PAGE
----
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Obama's Greatest Triumph

Daniel_Henninger.jpegHe is six months away from destroying both the Republican Party and Reagan’s legacy.

 DANIEL HENNINGER, WSJ March 30, 2016 

Barack Obama will retire a happy man. He is now close to destroying his political enemies—the Republican Party, the American conservative movement and the public-policy legacy of Ronald Reagan.

Today, the last men standing amidst the debris of the Republican presidential competition are Donald Trump, a political independent who is using the Republican Party like an Uber car; Ted Cruz, who used the Republican Party as a footstool; and John Kasich, a remnant of the Reagan revolution, who is being told by Republicans to quit.

History may quibble, but this death-spiral began with Barack Obama’s health-care summit at Blair House on Feb. 25, 2010. For a day, Republicans gave detailed policy critiques of the proposed Affordable Care Act. When it was over, the Democrats, including Mr. Obama, said they had heard nothing new.

That meeting was the last good-faith event in the Obama presidency. Barack Obama killed 

politics in Washington that day because he had no use for it, and has said so many times. The Democrats survived the Obama desert by going to ground. But frustrated Republicans outside Congress eventually started tearing each other apart.

After Mr. Obama won in 2008, Democrats controlled the Senate and House with large majorities. Normally, a party out of power is disabled but not destroyed by the presidency’s advantages. Democrats, when out of power, historically remain intact until the wheel turns again. Their ideology has been simple: tax and spend.

The minority Republicans began well. In 2010, ObamaCare passed with zero Republican Senate votes, and Dodd-Frank with only one Republican Senate vote. It was a remarkable display of party discipline.

In the first term, Republicans and conservatives fought Barack Obama. In the second term, they decided it made more sense to fight each other.

Among the reasons is that the Republican leadership missed the messaging force of social media until it was too late. Congressional politics is mostly process. Modern politics is mostly message. The Obama message machine, “tax cuts for millionaires,” never stopped.

With no party spokesman for conservatism, an ideological vacuum existed. Freelance operators filled it.

They included two hyper-ambitious Senate freshmen, Marco Rubioand Ted Cruz. They also included a movement to purge and cleanse conservatism, led by groups such as Heritage Action and by talk radio hosts. Together they conjured an internal enemy—the Republican Establishment.

Conservatives complain constantly about the bias of the mainstream media. With the bar so low on website entry, members-only media alternatives emerged, such as RedState and Breitbart News.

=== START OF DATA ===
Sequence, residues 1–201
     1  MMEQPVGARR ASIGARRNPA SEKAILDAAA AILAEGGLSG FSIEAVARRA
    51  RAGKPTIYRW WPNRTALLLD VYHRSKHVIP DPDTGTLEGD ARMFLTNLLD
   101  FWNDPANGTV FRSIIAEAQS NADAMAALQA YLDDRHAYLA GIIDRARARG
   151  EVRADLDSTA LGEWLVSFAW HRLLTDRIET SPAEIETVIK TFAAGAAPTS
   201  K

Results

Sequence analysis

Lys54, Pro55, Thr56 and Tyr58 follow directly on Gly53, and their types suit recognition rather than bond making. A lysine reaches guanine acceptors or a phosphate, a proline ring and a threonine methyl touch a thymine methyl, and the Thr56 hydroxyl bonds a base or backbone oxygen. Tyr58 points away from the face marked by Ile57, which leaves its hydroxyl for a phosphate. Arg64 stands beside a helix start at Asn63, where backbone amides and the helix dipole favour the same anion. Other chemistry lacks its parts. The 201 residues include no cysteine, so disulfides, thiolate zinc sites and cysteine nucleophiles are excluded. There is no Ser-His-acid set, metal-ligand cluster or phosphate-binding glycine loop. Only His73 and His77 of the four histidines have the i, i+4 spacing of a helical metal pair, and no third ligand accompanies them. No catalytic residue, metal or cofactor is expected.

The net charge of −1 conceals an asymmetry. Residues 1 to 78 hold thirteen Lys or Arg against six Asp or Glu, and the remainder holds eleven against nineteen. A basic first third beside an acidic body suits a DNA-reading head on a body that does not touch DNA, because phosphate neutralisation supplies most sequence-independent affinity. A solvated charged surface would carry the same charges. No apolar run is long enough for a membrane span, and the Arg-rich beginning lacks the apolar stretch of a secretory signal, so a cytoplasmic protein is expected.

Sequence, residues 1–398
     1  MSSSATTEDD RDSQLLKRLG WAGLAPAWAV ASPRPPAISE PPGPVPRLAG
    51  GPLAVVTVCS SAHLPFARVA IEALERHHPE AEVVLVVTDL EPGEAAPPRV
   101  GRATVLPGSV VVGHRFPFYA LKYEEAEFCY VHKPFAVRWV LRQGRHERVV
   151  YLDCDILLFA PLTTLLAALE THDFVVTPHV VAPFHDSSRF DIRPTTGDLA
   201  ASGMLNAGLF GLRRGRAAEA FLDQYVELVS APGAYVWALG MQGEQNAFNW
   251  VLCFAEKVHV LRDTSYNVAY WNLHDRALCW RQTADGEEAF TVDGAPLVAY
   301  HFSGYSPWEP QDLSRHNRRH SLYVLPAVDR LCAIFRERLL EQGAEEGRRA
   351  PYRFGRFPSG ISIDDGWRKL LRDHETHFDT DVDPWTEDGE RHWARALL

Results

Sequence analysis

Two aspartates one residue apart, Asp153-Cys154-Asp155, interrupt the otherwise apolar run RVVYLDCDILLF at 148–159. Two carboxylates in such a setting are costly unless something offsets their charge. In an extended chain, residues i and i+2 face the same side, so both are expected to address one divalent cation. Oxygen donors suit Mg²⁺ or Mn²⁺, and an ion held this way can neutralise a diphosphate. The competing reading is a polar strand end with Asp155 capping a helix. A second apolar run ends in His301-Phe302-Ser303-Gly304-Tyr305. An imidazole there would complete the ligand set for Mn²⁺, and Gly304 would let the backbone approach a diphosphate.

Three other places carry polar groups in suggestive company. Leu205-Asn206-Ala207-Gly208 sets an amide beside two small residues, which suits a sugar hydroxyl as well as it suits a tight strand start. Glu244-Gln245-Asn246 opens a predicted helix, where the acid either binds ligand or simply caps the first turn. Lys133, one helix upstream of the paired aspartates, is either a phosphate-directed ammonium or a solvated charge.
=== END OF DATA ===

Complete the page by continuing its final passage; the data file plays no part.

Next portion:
But the hated MSM is essentially a Roman phalanx. It stays in formation and protects the progressive castle. The conservative alternatives showed no such discipline. Early into the second Obama term, they commenced an internecine political war.

The right began demanding that congressional Republicans conduct ritualistic suicide raids on the Obama presidency. The MSM would have depicted these as hapless defeats by presidential veto, but some wanted the catharsis of constant public losses—on principle.

By early 2015, when the primary season began, virtually all issues inside the Republican Party had been reframed as proof of betrayal—either of conservative principle or of “the middle class.” Trade is a jobs sellout. Immigration reform is amnesty.

With his Cheshire Cat grin, Barack Obama faded into the background and let the conservatives’ civil war rip. For Republicans, every grievance, slight or loss became a scab to be picked, day after day.

In time, the attacks on “the establishment” and “donor class” became indiscriminate, ostracizing good people in the party and inside the conservative movement. The anti-establishment offensive created a frenzy faction inside the Republican base. And of course, it produced Donald Trump.

The Trumpians and Cruzians, who of late have been knifing one another in a blind rage, say this is a rebirth. So was Rosemary’s baby.

The New York Times this week published a lead piece by Nicholas Confessore called “How the G.O.P. Elite Lost Its Voters to Donald Trump.” It is a gleeful, disingenuous and malign burial of the one thing the Democratic left never thought it could kill: Ronald Reagan’s conservative legacy.

The piece, which mostly transcribes the opinions of “some conservative intellectuals,” is a road map to Republican self-destruction, delegitimizing everything Ronald Reagan stood for—tax cuts, deregulation, entitlement reform, even economic growth. (Archaic footnote: Reaganomics produced an historic economic boom, for everyone, from 1983-90.)

Conservatives, it says, instead of challenging the economy Barack Obama rendered half-dead for two terms, now favor “wage subsidies, relocation aid” and “even targeted infrastructure spending.”

And Citizens United merely enabled the “donor class,” identified asPaul Singer and Charles and David Koch, who favor the discredited “Ryan budgets,” a proxy for Reagan.

In early 2015, Republicans were one election away from defeating a weak Democratic opponent and controlling both houses of Congress. Barring a miracle in Cleveland, they likely are six months away from losing two of those three plus the Supreme Court.

Barack Obama should frame the Confessore piece and hang it in the Obama Library. His presidency produced a moribund U.S. economy for eight years. In a response so bizarre that future historians will gape, the Republicans decided to destroy each other.

Write to henninger@wsj.com

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Obama's Greatest Triumph
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